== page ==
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BP Amoco pumps up Web
August 17, 1999: 8:20 a.m. ET

Oil producer reportedly to connect gas pumps to the Internet
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LONDON (CNNfn) - BP Amoco plans to connect thousands of its gas pumps to the Internet, allowing drivers to surf the Web as they fill their tanks, according to a published report Tuesday.
     The London-based oil producer has signed a deal with pump maker Tokheim Corp. (TOK) to supply pumps equipped to access the Internet and display items such as traffic reports and weather forecasts, according to the Wall Street Journal. The pumps will use the Microsoft (MSFT) Windows CE operating system, which is designed to offer Web access to machines other than PCs.
     Part of the attraction for BP is the potential for advertising revenues.
     A Tokheim executive told the Journal that with the average pump serving 70 people per day, an ad on 100,000 pumps would reach 7 million people.
     "Anywhere you're standing around, time to kill is an advertiser's dream," Chris Lewis, research director at Yankee Group Europe told
     He praised the move as an inexpensive way of contacting Web users, and pointed out that content on the pump terminals could be customized.
     As well as pointing out to customers special offers on goods available in gas station shops, the new access points could provide additional information.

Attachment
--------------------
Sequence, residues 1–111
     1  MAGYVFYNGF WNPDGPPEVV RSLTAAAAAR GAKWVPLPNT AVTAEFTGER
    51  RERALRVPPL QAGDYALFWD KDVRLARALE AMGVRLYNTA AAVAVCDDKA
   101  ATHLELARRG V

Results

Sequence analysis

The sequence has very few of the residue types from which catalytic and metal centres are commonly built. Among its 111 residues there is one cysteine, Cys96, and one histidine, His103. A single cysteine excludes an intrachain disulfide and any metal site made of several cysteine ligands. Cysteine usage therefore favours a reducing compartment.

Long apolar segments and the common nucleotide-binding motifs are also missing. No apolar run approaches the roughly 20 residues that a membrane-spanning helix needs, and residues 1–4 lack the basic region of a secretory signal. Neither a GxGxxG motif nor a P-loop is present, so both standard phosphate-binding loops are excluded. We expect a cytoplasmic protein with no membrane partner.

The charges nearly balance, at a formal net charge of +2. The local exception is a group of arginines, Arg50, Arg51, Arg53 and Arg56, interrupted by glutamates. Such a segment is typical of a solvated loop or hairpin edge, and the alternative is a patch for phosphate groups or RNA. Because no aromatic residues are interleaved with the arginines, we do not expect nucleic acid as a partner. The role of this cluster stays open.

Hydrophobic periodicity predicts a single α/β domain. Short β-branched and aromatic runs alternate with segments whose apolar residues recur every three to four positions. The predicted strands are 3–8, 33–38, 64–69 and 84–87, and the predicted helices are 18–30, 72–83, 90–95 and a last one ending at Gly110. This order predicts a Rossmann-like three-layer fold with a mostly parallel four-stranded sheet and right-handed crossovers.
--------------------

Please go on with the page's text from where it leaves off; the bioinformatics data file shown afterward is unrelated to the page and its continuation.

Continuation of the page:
Possible uses include "anything to do with driving or excursions, and local or national information," depending on whether the gas station is on a local road or a freeway.
     Although the new venture is a far cry from BP Amoco's traditional businesses of drilling for oil and pumping it to the surface, Yankee Group's Lewis maintains, "You can't say anymore that there are any non-Internet businesses. Very few companies are not impacted by the Internet."
     For the moment, BP Amoco will concentrate on saving management time, the newspaper reported, using the advanced technology to tell when the pumps need servicing.
     Besides Windows CE, the newspaper said, the next-generation pumps also will use technology from Radiant Systems (RADS) to connect the pumps to convenience stores.
     BP Amoco officials didn't immediately return calls seeking confirmation on the report. Back to top


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